Wisconsin Farmers' Institutes / Wisconsin Farmers' Institutes : a hand-book of agriculture
Bulletin No. 11 (1897)
Taylor, F. W.
Apple growing, pp. 43-52 PDF (2.8 MB)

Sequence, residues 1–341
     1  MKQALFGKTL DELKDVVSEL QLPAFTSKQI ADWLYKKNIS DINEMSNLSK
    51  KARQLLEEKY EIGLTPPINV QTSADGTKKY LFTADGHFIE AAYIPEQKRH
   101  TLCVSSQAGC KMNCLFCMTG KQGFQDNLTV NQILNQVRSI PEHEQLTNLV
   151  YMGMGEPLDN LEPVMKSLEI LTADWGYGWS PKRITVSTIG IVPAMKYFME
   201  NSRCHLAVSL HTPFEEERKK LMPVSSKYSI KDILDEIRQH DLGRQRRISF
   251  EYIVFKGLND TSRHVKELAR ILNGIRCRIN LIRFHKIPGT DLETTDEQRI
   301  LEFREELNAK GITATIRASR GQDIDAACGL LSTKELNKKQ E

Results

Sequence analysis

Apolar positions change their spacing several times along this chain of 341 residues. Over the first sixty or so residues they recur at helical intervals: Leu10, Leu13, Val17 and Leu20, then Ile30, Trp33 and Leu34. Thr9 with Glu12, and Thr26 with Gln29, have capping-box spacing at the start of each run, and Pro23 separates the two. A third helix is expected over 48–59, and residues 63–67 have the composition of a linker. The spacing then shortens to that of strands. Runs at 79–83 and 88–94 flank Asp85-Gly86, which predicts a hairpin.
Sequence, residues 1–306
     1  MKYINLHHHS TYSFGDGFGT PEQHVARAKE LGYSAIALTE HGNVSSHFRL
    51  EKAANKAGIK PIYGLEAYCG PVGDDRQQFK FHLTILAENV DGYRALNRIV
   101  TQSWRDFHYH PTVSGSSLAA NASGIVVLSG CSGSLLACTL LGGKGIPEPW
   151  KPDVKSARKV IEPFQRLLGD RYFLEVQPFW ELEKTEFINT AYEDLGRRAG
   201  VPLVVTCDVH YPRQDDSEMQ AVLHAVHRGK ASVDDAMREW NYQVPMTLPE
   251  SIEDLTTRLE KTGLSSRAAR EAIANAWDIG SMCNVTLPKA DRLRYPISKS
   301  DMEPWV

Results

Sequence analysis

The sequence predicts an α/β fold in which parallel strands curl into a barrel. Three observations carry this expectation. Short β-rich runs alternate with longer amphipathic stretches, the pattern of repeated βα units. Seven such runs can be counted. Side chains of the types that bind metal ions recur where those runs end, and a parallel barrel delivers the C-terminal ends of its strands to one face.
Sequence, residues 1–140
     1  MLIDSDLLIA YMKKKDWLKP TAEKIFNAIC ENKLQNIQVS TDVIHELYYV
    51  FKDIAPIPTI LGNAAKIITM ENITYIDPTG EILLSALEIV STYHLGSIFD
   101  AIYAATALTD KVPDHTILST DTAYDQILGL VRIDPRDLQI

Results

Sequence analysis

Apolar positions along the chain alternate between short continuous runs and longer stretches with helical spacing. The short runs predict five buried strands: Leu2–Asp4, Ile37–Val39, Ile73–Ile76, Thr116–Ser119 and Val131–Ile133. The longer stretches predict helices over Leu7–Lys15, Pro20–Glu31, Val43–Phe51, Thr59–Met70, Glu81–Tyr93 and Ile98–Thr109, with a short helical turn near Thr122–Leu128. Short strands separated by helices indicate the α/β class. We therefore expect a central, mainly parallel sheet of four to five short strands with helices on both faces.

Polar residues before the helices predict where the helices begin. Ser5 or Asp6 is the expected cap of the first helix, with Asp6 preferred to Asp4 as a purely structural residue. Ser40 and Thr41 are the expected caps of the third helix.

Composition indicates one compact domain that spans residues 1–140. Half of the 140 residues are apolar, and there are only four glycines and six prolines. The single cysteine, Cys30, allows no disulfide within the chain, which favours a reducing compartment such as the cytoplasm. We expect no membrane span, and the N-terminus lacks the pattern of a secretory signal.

E m ,7 J:- B rg4 S. X ' 7' .; G Im;) ,'- -1, j a" DISCUSSION. 4a Prof. Taylor-Now, about the wind- in diameter, they grow downward as break. There is another point on which well as upward, and so the top is apt the majority of opinion is wrong. The to get close to the ground. fact is that much more damage is Mr. Kellogg-Are there any five done by the south winds than by the Russian apples that are good for any- west winds. I should put a wind- thing in Nebraska? break on one side only and that Prof. Taylor-Well, the Yellow would be on the south, because the Transparent is the best, I think. It hot summer winds come from that di- blights very badly in certain years, rection, and the temperature in but, as it gets older, it seems to get spring rises through the day and gets away from that bad habit, so that if hotter than it ought to be sometimes; it lives until it is six or eight years the winds from the south are the ones old, it seems to survive, so that we that cause injury. I consider a consider that a very valuable thing south windbreak desirable, providing for an extremely early summer ap- you do not let it get too large so that ple. it stops the circulation of air. I Mr. Kellogg-Will you name five of think a great deal more damage is the best Russians that you know of done in general by windbreaks, than for the Northwest? good. Prof. Taylor-To do so might leave Mr. Kellogg-I wish to protest me in the position of recommending against the Professor's recommend- them for general planting, and I lug the Alabama Duchess for Wiscon- should not do that unless I wished to sin. include them with perhaps fifteen Prof. Taylor-I did not; what I said varieties of American sorts. I do not was that I would as soon have them know of any five Russian varieties grown in Alabama as from Hudson's that I should want to plant ahead of Bay. I said that it was equally any five, ten, or fifteen American as risky to bring them from the far sorts. north as from the far south. Mr. Kellogg-Do you know of five Mr. Reed-Would you advise plant- American sorts to recommend for the ing an apple tree five years old? northwest-anywhere in this state- Prof. Taylor-No, I would not. My the northern portion of it? own choice for an apple tree would Prof. Taylor-I do not think I be one not to exceed two years of age. should want to make up a list for the I would wish that it be a simple northern portion of Wisconsin at all whip, just a straight tree. It' ought I do not know enough about it. to be four or five feet in height at A Member-What do you consider that age, without any branches; then the best kind of graft? you can form the top just exactly Prof. Taylor-I believe in piece root where you want it. I think the most grafting, using a very long cion and successful orchard growers plant at a short root, so that the tree is practi- about two years. cally a cutting growing on its own Mr. Reed-Is it also a fact that root. trees planted so that the tops will be Mr. Boynton-We find some of our two or three feet from the ground, most valuable orchards are protected make the best style of tree? by evergreen belts on two sides, some Prof. Taylor-Yes, I would want on one side. In Minnesota they say three feet to be about the minimum, that the most successful orchards are because the top tends to get lower also protected on the north and west rather than higher. Of coaurse, you sides. We find it does not cut off the knoew that ks the branches increase circulation that is necessary, unless 4 i i
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